Honolulu, Hawaii



RE:    S.B. No. 1294




Honorable Ronald D. Kouchi

President of the Senate

Twenty-Ninth State Legislature

Regular Session of 2017

State of Hawaii




     Your Committees on Hawaiian Affairs and Higher Education, to which was referred S.B. No. 1294 entitled:




beg leave to report as follows:


     The purpose and intent of this measure is to develop an undergraduate health sciences academy within the University of Hawaii System, in cooperation with relevant educational institutions, to target the recruitment and retention of Native Hawaiian and Pacific Islander students and first generation college attendees.


     Your Committees received testimony in support of this measure from the University of Hawaii System; Department of Human Services; UH West Oahu Allied Health Faculty; Native Hawaiian Health Task Force; Kamehameha Schools; and numerous individuals.


     Your Committees find that multiple studies testing for factors leading to retention have identified that the more Native Hawaiian students are involved in school activities and the more interaction they have with faculty and their peers, the more likely they are to persevere and succeed in their higher education.


     Your Committees further find that health care sector employment is projected to increase by more than one hundred sixty percent by 2040, and the wages in that sector are typically more consistent with a livable wage in Hawaii.  These jobs typically require a bachelor's degree at minimum.  Currently only about fifteen percent of Native Hawaiians or Pacific Islanders hold bachelor's degrees.


     Senate Resolution No. 60, S.D. 1, Regular Session of 2014, created the Native Hawaiian health task force to improve the health of Native Hawaiians and Pacific Islanders.  The goal of the task force is to articulate priorities to advance health care equity for Native Hawaiians which would in turn improve health care for all people of Hawaii.  The findings for establishment of a framework were widely discussed and embraced by government agencies, community members, and affected stakeholders.  The work of the task force recognized past efforts to improve the health of Native Hawaiians.  The task force used nā pou kihi as the cultural framework to organize its findings and recommendations.  This measure is an outcome of the recommendations of the task force.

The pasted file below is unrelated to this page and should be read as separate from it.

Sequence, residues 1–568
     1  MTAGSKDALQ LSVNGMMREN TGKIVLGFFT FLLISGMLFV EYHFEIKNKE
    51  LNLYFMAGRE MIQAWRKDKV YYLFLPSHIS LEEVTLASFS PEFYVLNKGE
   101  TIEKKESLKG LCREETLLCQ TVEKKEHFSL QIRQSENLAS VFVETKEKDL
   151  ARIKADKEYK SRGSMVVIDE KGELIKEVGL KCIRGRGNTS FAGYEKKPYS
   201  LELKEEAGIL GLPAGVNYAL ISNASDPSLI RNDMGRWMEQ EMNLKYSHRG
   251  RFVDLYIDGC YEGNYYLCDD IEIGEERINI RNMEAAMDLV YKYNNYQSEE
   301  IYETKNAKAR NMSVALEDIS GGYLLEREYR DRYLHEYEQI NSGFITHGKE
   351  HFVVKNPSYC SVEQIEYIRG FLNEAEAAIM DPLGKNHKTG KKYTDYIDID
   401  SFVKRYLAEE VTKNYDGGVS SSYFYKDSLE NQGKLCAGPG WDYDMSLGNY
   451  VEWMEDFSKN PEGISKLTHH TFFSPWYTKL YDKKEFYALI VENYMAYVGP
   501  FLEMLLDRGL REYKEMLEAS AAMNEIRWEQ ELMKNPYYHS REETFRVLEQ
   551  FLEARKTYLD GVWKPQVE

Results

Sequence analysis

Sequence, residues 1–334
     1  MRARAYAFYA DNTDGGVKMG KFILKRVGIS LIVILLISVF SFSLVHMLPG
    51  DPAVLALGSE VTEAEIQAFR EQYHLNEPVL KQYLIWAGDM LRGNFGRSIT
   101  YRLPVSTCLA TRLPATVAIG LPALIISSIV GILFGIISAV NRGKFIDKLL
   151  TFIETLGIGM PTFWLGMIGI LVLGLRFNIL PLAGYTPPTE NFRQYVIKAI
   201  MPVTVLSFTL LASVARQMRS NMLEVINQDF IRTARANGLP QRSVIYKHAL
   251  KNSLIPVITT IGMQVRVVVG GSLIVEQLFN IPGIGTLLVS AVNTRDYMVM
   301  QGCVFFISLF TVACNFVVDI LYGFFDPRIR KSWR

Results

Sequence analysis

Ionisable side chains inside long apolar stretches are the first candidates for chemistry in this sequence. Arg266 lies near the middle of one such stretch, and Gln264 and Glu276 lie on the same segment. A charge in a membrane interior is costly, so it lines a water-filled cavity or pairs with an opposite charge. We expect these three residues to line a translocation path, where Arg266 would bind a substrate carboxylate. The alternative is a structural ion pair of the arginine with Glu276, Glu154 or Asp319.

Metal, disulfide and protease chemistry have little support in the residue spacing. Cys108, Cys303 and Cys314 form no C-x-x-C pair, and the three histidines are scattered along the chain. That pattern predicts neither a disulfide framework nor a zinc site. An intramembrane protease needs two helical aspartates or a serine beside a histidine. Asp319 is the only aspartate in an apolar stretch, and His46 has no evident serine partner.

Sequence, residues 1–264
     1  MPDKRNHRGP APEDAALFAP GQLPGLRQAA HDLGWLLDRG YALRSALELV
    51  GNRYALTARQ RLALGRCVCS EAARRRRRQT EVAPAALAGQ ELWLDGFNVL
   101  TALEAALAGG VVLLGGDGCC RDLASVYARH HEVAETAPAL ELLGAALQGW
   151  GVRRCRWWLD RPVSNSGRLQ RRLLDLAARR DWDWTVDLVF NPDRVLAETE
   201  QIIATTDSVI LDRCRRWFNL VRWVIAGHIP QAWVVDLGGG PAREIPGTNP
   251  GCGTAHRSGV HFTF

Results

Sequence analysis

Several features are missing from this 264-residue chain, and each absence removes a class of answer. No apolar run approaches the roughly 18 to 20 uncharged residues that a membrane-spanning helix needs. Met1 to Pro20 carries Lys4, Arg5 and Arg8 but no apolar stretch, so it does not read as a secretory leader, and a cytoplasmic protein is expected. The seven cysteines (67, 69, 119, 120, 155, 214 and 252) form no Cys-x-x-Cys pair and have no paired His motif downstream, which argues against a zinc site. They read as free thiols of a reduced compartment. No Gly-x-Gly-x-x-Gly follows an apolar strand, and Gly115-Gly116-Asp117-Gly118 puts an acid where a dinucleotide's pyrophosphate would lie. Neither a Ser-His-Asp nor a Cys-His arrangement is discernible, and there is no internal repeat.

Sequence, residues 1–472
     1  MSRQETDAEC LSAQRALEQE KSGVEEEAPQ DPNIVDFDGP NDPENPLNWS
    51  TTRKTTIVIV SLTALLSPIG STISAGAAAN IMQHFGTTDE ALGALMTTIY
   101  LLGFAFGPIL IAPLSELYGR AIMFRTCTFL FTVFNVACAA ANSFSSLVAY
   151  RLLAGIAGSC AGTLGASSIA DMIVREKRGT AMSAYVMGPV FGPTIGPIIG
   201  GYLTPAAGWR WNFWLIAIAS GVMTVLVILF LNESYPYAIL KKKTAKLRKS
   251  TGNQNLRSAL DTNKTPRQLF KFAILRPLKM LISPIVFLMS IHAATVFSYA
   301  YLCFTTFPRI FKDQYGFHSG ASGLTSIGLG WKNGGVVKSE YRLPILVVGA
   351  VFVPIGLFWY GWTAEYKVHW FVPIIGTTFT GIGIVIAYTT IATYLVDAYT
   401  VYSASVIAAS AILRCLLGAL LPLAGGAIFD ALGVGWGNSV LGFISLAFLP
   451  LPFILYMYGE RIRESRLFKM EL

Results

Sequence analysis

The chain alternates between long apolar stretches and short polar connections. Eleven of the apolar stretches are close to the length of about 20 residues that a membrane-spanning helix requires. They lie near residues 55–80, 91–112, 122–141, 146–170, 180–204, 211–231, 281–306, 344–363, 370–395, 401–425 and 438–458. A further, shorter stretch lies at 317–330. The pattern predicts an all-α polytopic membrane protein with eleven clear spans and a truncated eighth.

Your Committees further find that establishment of a health sciences academy with a focus on Native Hawaiian student retention would promote integration of students into the academic college milieu.  This measure reflects the position of the Senate on Native Hawaiian health care, which is to support:


     (1)  Collaborative efforts to ensure that funding for Native Hawaiian health care continues;


     (2)  Native Hawaiians and Pacific Islanders by focusing on essential social and cultural determinants that improve health outcomes amongst the State's indigenous population;


     (3)  Options to improve health care for keiki and residents in rural areas; and


     (4)  Collaborative efforts to provide better dental care for keiki and adults throughout the State's communities.


     As affirmed by the records of votes of the members of your Committees on Hawaiian Affairs and Higher Education that are attached to this report, your Committees are in accord with the intent and purpose of S.B. No. 1294 and recommend that it pass Second Reading and be referred to your Committee on Ways and Means.


Respectfully submitted on behalf of the members of the Committees on Hawaiian Affairs and Higher Education,